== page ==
Biofilm

dR3ws3r

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After returning to the hobby I set up a single tank 25 gal cube, and used a lot of live plants and Co2. Early on, within the first month or two, I had bio-film on the water surface, but after adding some fish and with the tank maturing it didn't last very long. Maybe a week or two max.

I am hoping to add a few new fish to the main tank, so I got carried away and started a 10gal quarantine tank (qt). I put the canister filter for the qt on my main tank for about 3 weeks, and then put it on the qt for the long haul. After another month I added some simple plants, some watersprite, an amazon sword, and some monte carlo. With no fish in the tank, I have had an oily film on top of the water for a few months now. I change the water almost every other day, and try to siphon from the top of the tank, but the film just seems to persist.

I am at a point where I am ready to buy some new fish and use the qt, but this film has me slightly uneasy. So I guess I am wondering ... is this normal? and also, do some plants like watersprite, which seem to be growing like mad, tend to leave more of a film than other plants?

I was using the API water treatment with aloe for a while (stresscoat), but then started reading on this site, that it may not be great for fish. Either way I switched to api tap water conditioner about 2-3 weeks ago. I doubt the api stress coat is to blame here as I was using it on my main tank as well, and it never seemed to cause a film there.

So in summary, two tanks, slightly different plants, one with fish, one without. The fishless one continues to have any oily film problem and the other does not. Both use fluval canister filters, the same types of filter media, same gravel, etc. Maybe the only other difference is that i use an airstone on the main tank when the lights are off.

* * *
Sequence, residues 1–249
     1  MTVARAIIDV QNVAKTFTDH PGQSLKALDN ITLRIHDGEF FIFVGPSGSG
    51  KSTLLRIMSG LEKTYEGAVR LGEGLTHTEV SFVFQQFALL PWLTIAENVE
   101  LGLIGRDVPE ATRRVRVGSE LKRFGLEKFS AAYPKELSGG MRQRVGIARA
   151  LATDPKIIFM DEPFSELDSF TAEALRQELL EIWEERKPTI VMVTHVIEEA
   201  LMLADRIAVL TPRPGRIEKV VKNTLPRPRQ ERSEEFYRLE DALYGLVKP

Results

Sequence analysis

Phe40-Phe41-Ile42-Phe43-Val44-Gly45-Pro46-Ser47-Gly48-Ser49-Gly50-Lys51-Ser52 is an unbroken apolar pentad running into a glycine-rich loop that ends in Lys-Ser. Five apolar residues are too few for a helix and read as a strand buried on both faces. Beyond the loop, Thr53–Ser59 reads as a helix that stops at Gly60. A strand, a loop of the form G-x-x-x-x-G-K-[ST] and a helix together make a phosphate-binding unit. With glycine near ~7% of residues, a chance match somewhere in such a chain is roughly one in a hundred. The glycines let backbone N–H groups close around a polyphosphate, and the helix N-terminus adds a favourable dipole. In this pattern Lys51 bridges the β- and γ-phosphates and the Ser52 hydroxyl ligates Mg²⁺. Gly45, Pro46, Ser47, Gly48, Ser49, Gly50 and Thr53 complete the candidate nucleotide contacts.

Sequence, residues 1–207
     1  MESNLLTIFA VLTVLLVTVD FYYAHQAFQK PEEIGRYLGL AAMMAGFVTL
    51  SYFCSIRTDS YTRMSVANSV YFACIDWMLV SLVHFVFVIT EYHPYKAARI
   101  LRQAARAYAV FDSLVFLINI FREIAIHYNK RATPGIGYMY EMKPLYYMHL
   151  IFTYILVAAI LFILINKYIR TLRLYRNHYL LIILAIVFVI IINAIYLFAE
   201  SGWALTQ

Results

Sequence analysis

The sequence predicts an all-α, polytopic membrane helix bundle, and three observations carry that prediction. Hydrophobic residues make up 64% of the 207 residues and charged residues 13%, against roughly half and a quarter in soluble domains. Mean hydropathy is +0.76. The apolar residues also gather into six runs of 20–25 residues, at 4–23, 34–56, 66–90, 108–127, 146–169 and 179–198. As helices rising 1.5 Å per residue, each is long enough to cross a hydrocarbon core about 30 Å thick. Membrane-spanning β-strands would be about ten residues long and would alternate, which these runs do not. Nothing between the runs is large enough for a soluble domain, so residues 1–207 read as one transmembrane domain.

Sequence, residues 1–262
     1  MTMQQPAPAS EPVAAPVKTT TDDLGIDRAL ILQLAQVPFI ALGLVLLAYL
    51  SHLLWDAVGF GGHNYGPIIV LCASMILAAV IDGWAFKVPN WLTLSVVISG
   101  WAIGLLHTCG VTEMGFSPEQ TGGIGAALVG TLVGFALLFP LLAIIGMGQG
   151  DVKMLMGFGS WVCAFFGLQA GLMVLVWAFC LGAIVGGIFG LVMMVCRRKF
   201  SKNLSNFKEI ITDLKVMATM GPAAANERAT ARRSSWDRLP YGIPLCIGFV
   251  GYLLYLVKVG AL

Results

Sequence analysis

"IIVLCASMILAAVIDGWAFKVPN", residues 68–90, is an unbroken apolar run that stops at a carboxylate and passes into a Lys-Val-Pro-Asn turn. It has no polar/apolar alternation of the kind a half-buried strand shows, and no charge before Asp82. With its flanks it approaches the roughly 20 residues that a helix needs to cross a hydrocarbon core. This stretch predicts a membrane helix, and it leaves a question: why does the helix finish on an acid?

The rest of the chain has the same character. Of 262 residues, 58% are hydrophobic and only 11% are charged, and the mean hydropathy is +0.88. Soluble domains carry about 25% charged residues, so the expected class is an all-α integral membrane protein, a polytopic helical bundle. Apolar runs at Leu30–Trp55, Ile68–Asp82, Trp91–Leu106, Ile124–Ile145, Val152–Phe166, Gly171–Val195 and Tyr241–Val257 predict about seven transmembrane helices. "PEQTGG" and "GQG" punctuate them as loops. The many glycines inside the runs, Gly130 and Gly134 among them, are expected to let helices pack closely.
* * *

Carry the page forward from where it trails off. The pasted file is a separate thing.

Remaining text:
Any thoughts?

One other thing, I tried using the fluval attachment for skimming off the surface, but it was really finicky and oversized for the qt. I guess I could give it another shot, but it really seemed to be a piece of junk with rather inflexible hosing and just an ugly appearance.
 

Byron

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The surface film is probably a protein film. This is more common with planted tanks than non-plant tanks, but not always by any means. In my 30 or so years with several fish tanks I ran through two periods when this was noticeable, in a couple of tanks but not in others. The only problem is that it can thicken to the extent that it impedes the necessary gas exchange (O and CO2) at the surface.

I tried the paper towel trick, no luck. So during water changes I upended the water changer and siphoned the surface water (air and water, it is tedious but very effective). After a few weeks it disappeared.

On an earlier occasion I bought a surface skimmer attachment for the canister filter. It was very effective at removing the protein film, but more than once a small fish (otos seemed prone to this) got sucked in and not being able to swim in reverse, they died. I disconnected the skimmers.

Good move on the water conditioner. Aloe vera has no place in a fish tank, and it is known to damage gills over time. I know, some diehards will say it has to be over-dosed, etc, etc--but if it is not doing anything beneficial, and it most assuredly does not benefit, there isno need to be using a risky product. The API Tap Water Conditioner is about the best, most effective, and safest conditioner available. It is hard to say, but the Aloe Vera is a plant sap, and it may have partially contributed to the protein film, but I wouldn't press the point. Best not used regardless.
 

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